Maintenance and expansion of hematopoietic stem cells in vitro using genetic methods.
Date of Issue2011
School of Biological Sciences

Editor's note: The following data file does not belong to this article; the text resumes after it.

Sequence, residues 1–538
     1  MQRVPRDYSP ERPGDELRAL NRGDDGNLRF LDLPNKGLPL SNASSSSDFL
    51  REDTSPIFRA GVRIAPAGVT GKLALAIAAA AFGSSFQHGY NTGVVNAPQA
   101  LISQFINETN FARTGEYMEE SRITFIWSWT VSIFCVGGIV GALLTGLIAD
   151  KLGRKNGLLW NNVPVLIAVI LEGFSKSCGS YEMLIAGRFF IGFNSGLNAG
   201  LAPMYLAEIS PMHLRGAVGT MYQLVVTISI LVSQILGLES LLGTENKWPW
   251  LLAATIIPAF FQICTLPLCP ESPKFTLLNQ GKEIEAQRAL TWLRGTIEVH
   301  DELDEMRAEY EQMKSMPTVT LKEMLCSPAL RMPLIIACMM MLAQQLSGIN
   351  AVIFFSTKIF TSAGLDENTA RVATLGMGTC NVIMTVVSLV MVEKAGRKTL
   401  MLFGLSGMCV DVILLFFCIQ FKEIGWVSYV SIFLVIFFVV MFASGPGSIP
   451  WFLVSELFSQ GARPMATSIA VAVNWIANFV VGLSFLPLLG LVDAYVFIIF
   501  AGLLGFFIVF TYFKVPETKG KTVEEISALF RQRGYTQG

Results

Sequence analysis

Chromosomal translocations encoding fusion proteins between N-terminal nucleoporin 98 (NUP98) and some members of the homeodomain protein superfamily have been observed recurrently in certain types of leukemia. Subsequent studies have shown that the ectopic expression of these leukemogenic or similar fusion genes in primitive bone marrow (BM) cells can induce hematopoietic stem cell (HSC) activity in these cells. We have extensively surveyed different branches of the homeodomain superfamily as partners to NUP98 in order to find fusion genes that could sustain HSC activity in BM cells in long-term continually expanding in vitro cultures. Remarkably, we found that CDX1, extended HOX subfamily member, when fused to NUP98, was able to sustain balanced HSC activity with high frequencies in massively expanding cultures as measured by robust long-term competitive in vivo transplantation assays. Interestingly, closely related NUP98-CDX4 induced leukemia with the shortest latency ever reported for NUP98-Homeodomain fusions unaided by MEIS1 transcription factor. Since HSC and leukemic stem cells (LSC) share similar self-renewal mechanisms, these pre-leukemic stem cells generated by the first genetic hits can provide useful models for elucidating the self-renewal mechanisms of HSC as well as LSC. We also found that NUP98-HOXA10 was able to reprogram B220+ cells in the bone marrow and conferred them long-term reconstituting multipotentiality in vivo. Transcriptional profiling of NUP98-HOXA10 transduced BM cells revealed that the aryl hydrocarbon receptor (AhR) pathway was the most suppressed pathway. Inhibition of this pathway using small molecule AhR inhibitor in combination with cytokine cocktail allowed 30-100 fold expansion of HSC in vitro. This provides an additional component to the elusive “magic” cocktail that allows maximal expansion of HSC ex vivo.